DuPont State Forest
Fishing at Dupont State Park. Photo by english invader/Flickr
Seen The Hunger Games?
The 2012 blockbuster, The Hunger Games, was filmed in DuPont State Forest. This Huffington Post article talks about how the N.C. State Forest Service was onsite during the filming to make sure that “people didn't hurt the forest and that the forest didn't hurt the people.” Read it here: The Hunger Games Take Over North Carolina.
Nestled between the cities of Hendersonville and Brevard, the horseshoe-shaped DuPont State Forest covers 10,400 acres within the Blue Ridge Mountains. It’s a gem of North Carolina’s outdoors, known for its numerous waterfalls and large pockets of granite cover. This beautiful forestland offers the public a place to get outside for hunting, fishing, hiking, horseback riding and mountain biking.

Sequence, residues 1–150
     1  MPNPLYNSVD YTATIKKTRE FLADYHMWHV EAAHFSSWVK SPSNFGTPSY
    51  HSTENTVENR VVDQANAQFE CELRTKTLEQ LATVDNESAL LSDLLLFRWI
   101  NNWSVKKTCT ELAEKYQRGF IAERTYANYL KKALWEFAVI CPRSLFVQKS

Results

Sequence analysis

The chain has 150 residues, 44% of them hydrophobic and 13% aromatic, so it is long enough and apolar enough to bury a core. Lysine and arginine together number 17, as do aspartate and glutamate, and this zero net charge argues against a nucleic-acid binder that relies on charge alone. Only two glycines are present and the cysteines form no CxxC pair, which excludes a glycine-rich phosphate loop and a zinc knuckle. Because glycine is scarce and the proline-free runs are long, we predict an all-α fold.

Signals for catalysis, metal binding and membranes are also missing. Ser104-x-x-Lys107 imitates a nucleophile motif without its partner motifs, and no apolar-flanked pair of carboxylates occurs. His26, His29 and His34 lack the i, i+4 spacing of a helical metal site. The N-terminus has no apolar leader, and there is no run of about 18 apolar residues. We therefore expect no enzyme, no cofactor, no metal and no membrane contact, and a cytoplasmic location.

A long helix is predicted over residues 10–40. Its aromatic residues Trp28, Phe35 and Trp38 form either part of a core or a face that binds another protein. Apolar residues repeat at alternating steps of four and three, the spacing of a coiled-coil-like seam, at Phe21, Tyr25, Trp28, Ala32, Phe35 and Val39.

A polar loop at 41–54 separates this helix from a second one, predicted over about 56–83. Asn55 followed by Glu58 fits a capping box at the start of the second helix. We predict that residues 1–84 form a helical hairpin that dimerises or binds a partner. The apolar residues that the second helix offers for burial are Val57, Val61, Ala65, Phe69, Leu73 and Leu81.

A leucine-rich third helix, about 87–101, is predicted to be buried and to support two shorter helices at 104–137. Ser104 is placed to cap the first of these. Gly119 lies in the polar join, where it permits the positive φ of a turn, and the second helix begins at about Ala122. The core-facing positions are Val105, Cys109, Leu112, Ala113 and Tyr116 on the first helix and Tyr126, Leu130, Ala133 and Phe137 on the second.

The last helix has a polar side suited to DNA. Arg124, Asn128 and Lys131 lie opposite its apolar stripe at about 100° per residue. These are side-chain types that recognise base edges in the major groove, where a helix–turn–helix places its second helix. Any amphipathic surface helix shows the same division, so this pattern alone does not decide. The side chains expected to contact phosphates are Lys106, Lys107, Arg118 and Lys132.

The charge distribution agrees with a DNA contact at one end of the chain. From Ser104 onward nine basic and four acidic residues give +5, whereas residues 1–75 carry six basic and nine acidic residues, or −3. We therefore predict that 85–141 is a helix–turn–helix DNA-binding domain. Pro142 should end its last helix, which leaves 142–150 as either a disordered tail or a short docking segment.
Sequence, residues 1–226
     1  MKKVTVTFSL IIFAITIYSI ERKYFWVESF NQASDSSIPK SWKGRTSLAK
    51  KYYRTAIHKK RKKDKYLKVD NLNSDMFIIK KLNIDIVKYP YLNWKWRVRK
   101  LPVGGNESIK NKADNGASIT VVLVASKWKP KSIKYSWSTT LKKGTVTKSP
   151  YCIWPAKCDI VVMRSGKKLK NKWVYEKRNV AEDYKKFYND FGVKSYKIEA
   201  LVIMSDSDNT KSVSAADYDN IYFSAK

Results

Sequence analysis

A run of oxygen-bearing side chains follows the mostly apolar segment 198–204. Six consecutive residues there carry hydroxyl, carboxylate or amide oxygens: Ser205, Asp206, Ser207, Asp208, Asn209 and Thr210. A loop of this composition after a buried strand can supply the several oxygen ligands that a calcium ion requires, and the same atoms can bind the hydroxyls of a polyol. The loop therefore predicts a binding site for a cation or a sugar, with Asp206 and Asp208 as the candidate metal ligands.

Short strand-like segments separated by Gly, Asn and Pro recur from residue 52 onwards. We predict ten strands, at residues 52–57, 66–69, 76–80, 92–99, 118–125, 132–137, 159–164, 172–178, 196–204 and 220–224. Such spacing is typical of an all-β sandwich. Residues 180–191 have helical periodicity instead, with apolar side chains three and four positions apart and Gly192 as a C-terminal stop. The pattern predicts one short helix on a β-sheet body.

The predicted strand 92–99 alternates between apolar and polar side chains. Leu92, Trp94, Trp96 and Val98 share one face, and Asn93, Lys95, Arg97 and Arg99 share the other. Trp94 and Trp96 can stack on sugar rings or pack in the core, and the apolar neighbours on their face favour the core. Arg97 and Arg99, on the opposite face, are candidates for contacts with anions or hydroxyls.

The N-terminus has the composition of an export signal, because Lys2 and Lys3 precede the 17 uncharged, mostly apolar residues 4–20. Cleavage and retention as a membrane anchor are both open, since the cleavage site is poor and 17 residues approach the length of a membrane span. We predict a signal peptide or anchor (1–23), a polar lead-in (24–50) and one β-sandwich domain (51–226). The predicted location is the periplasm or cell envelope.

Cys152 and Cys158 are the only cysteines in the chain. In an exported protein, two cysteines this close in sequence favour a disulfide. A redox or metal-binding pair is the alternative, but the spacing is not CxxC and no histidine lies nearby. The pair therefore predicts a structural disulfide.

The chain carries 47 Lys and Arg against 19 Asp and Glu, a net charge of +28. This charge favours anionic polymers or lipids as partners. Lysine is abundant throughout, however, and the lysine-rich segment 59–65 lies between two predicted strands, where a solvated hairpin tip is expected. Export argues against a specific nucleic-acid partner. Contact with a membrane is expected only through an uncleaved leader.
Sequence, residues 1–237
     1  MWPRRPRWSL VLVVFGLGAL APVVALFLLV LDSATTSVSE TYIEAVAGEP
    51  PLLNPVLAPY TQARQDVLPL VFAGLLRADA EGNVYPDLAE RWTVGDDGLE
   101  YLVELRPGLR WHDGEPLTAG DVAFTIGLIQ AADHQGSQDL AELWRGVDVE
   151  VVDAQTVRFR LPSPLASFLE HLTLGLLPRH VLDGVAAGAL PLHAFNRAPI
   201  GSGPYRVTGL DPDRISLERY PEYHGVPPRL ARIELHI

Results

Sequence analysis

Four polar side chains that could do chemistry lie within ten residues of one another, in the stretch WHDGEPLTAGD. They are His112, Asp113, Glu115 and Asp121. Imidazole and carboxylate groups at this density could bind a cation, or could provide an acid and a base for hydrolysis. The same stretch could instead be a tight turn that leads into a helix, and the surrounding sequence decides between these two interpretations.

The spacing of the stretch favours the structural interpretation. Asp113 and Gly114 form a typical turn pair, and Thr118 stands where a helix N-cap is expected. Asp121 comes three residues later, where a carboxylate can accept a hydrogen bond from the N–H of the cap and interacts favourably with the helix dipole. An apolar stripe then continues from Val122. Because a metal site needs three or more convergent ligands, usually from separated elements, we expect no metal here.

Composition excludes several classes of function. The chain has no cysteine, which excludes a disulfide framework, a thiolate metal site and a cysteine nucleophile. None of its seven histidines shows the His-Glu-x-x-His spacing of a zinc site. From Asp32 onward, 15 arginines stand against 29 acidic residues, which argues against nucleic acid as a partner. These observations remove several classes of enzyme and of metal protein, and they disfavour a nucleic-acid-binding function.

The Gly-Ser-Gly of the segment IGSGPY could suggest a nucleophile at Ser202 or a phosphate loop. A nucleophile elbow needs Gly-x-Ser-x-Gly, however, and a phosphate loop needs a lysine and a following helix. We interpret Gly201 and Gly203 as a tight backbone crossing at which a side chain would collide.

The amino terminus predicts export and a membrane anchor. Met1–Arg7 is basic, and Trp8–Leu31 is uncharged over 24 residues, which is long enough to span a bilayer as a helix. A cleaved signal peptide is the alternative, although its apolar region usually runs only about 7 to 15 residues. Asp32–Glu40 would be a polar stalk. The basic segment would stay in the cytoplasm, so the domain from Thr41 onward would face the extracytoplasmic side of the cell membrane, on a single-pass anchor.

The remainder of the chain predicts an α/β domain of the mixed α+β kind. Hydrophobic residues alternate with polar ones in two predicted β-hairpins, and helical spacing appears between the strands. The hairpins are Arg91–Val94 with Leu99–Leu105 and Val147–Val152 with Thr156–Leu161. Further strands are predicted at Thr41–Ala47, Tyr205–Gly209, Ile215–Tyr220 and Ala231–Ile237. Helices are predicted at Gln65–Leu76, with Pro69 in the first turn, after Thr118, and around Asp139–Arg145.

But this land was once in private ownership and it was only through partnership and long-term dedication to conservation that this forest came to be.
The story begins back in 1995, when the Dupont Corporation showed interest in selling the land. The state of North Carolina wanted to purchase it but needed assistance in making that happen.
That’s where the Fund came in.
We assisted the state in acquiring the land by purchasing more than 8,000 acres from DuPont through a combination of land donation and bargain sale. We held the land until a year later, when, with funding from the North Carolina Natural Heritage Trust Fund, the state purchased 7,600 acres from us. In 2000, an additional 500 acres, which we continued to hold while the state gathered additional funding, was added to the forest. After the Fund’s assistance in acquiring more than 8,000 acres, the state completed its land acquisition with the purchase of 2,200 acres from a separate developer.
We work hard to make conservation a reality and are pleased to have been part of this public/private partnership that led to the creation of DuPont State Forest. Now, this outdoor space is saved and available so that future generations can enjoy the natural beauty of North Carolina as we do today.